In brief

  • The New York Times built a blockchain prototype that tracks news photo changes.
  • It tracked a photo’s life through edits and captions across multiple publications.
  • Despite positive feedback, large-scale adoption brings major challenges.

In an era where convincing deepfake photos and false information are liberally shared by world leaders, it can be difficult to know who or what to trust online.

So, the New York Times is looking into whether blockchain could help restore trust in online media. Its News Provenance Project, created in partnership with IBM, wants to help readers better understand and trust news photos based on contextual information saved to that holy grail of immutability: the blockchain.

To explore whether any of this is viable, it has created a prototype of a faux social network. With prototype in hand, the team tracked the status of a photo throughout its lifespan, from when it was taken and posted to how it had been edited, as well as any captions that had been written alongside the photo. 

Thanks to the immutable nature of blockchain, any changes were logged and available for examination. Smart contracts also ensured that only certain people could access the photo’s metadata. 

Project manager Pooja Reddy debriefed the internet in a blog post on Friday. She concluded that the additional information did help readers better understand the origin of a news photo via the provided context, but that there are significant obstacles ahead to bringing something like this to life at a larger scale.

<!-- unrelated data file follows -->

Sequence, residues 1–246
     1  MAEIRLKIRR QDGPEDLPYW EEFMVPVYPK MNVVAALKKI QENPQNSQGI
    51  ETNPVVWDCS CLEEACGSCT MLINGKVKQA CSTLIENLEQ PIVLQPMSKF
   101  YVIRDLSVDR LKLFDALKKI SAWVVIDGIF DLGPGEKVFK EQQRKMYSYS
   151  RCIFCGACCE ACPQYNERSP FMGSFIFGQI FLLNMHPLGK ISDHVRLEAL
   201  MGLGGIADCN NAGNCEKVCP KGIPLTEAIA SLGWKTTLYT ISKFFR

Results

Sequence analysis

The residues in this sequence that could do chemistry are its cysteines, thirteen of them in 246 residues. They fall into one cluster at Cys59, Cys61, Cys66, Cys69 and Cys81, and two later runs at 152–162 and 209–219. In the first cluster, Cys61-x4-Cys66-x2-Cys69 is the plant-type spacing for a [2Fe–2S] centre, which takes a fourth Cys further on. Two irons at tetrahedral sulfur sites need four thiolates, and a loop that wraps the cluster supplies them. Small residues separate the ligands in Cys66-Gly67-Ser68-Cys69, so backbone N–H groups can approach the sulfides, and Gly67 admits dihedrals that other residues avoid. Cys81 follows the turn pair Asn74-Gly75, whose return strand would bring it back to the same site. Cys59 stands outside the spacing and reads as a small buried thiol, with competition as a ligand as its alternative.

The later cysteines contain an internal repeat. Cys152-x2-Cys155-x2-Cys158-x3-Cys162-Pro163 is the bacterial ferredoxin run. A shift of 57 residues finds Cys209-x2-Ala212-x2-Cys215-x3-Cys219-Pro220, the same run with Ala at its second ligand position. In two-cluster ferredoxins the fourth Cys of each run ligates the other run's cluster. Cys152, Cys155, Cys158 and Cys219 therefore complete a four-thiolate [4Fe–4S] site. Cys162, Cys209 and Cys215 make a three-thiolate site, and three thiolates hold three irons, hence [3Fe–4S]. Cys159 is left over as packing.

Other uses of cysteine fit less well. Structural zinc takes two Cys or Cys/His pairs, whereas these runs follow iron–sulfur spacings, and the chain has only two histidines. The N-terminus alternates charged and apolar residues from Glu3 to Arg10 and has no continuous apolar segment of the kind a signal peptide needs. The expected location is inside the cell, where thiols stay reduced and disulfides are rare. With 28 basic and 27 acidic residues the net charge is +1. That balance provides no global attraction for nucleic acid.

One challenge is the requirement of having member publications review and validate content posted by other media outlets, which could prove to be a complex undertaking. Another is the challenge of matching online photos to the originals on the blockchain, which could be aided by technologies such as computer vision or perceptual hashing.

Lastly, cost is an issue, as the prototype project required significant financial and technical overhead—and smaller news organizations may not be able to overcome such hurdles. Ultimately, a system like this can only succeed with participation at scale, and Reddy wrote that her team is working to build more interest and support for this and other related projects.

“This prototype was an experiment that taught us a lot about the power of credible, contextual information in social media feeds, but there is a long way to go before something like this can be fully realized,” she concluded. “Nevertheless, there is a large opportunity for using blockchain to help fight against misinformation in news photos.”

Using blockchain for media didn’t work for the recently-shuttered Civil, a blockchain-driven platform that aimed to support trusted newsrooms. Decrypt will be keeping tabs on the New York Times’s endeavors.